Don't-Miss Home audio Stories
Music-streaming service Spotify has finally arrived in the U.S., though if you want the full experience immediately, you'll need to hand over some cash.
In addition to our cloud-themed numbers, read up on shortages of Time Capsules and AirPort Extremes, and how excited Nokia's new CEO is about iPhone-toting employees--the answer might surprise you.
More pilots are bringing iPads into the cockpit, PayPal's following the money straight to Google, and Lodsys has decided that taking on just one of the world's biggest tech companies isn't enough.
It's a supersized edition of the remainders as we tackle the latest rumored developments in Apple's deal with labels and publishers over a cloud music service, Google's possible entry into the mobile payment field, and Apple's latest patent haul.
It's time to talk cloud licensing (the legal distinctions between stratus and cumulonimbus are really quite fascinating), Verizon's tiered data plans (your choice of large, extra large, or patently ridiculous), and Apple's latest trademark defense (what is this "App Store" of which you speak?).
Apple plans to shrink down SIM cards even further, the secret of the iPhone's noise cancellation is revealed, and Angry Birds have jumped from the screen to real life.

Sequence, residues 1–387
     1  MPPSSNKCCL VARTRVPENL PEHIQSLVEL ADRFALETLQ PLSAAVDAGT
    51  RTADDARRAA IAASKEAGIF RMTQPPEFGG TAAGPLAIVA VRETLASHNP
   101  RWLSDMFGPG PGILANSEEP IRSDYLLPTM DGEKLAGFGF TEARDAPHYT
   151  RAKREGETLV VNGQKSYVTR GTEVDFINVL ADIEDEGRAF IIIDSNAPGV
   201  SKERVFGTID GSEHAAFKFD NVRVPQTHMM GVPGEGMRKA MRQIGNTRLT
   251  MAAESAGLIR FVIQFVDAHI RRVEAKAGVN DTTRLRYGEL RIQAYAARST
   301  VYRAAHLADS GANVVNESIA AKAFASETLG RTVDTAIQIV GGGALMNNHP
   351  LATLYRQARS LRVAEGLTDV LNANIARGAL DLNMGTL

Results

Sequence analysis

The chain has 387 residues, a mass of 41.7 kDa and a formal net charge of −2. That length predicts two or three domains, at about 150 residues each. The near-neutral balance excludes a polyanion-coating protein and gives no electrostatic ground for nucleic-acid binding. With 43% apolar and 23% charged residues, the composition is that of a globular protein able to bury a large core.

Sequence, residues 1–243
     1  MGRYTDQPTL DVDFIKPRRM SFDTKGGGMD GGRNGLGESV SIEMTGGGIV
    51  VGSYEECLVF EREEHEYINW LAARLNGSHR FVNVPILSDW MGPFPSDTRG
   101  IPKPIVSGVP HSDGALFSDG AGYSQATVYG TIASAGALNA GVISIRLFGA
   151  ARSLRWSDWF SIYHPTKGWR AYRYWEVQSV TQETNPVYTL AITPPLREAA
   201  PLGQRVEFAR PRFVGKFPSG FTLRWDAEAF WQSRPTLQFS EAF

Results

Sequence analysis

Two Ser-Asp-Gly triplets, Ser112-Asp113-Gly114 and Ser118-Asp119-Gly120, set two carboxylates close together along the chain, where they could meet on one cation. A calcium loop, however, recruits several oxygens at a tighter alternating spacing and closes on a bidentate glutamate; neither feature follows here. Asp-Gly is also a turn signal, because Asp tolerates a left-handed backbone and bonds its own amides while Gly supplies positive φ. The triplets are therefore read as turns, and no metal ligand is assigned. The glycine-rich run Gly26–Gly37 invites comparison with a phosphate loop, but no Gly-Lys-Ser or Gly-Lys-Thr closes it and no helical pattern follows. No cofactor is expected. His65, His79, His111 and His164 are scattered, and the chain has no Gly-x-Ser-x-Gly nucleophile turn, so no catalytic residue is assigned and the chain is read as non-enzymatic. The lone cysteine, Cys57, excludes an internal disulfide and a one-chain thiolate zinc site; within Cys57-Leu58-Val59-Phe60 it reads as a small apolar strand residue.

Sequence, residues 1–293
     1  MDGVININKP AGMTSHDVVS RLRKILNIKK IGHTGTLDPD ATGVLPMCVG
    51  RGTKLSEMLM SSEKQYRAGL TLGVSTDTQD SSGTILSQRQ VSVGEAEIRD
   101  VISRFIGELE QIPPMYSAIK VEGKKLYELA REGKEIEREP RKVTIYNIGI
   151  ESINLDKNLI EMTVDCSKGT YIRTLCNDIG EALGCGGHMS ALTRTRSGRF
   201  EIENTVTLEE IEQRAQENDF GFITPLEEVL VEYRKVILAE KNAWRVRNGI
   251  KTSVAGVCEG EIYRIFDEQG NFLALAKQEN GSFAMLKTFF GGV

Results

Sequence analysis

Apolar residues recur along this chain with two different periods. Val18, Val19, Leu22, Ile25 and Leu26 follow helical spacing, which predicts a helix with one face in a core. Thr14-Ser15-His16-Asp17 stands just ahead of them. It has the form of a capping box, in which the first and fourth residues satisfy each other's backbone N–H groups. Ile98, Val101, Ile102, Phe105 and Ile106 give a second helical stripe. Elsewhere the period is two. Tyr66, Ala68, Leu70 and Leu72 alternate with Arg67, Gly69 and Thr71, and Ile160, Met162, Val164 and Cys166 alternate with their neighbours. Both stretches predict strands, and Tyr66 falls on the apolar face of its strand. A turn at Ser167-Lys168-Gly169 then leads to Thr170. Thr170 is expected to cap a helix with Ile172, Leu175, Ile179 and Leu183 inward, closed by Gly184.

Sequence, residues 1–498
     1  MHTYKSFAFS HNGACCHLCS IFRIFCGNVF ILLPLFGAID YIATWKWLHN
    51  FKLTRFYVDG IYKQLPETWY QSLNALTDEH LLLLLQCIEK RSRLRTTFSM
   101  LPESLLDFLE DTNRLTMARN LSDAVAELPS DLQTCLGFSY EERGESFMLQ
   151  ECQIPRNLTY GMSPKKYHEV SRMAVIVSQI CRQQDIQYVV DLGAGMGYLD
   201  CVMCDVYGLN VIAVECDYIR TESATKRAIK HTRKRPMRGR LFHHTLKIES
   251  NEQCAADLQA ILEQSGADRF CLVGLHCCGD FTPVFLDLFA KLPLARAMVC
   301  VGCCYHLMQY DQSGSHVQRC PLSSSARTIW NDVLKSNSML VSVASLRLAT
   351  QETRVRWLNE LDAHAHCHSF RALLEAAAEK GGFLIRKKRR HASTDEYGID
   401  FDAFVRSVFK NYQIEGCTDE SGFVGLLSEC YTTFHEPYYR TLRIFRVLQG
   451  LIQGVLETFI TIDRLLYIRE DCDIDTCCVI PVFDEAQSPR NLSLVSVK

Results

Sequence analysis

The music labels say they're counting on Apple, because Apple's never let them down; Cupertino's the target of another location-data lawsuit; and Apple avoids becoming the target of a massive open-source manhunt.
DoubleTwist, an Android app, now offers support for streaming music and video to the Apple TV.
Apple sends one of its top men to speak before Congress, jumps almost twenty spots on the Fortune 500, and strikes a deal with another major publisher--all before noon. Guess someone ate their Wheaties.
Has the mystery of the white iPhone's delay been solved? Mayhaps. But the mystery of when the iPhone 5 will arrive is still up in the air, and the iPad is perplexing members of our government.
Location tracking: it's the story that just won't stop. (Tracking you, that is--won't stop tracking you.) Now it's gotten Apple in hot water both at home and abroad, but what, Steve worry? Nah.
An enterprising developer has managed to crack the codes used by Apple's AirPlay protocol, paving the way--at least in theory--for anyone to write apps compatible with the technology without the Cupertino's permission.
Audio pros that use Harman's Crown line of wireless amplifiers can now monitor, tweak, and manage their audio systems directly from the comforts of their iPad, iPhone, or iPod touch.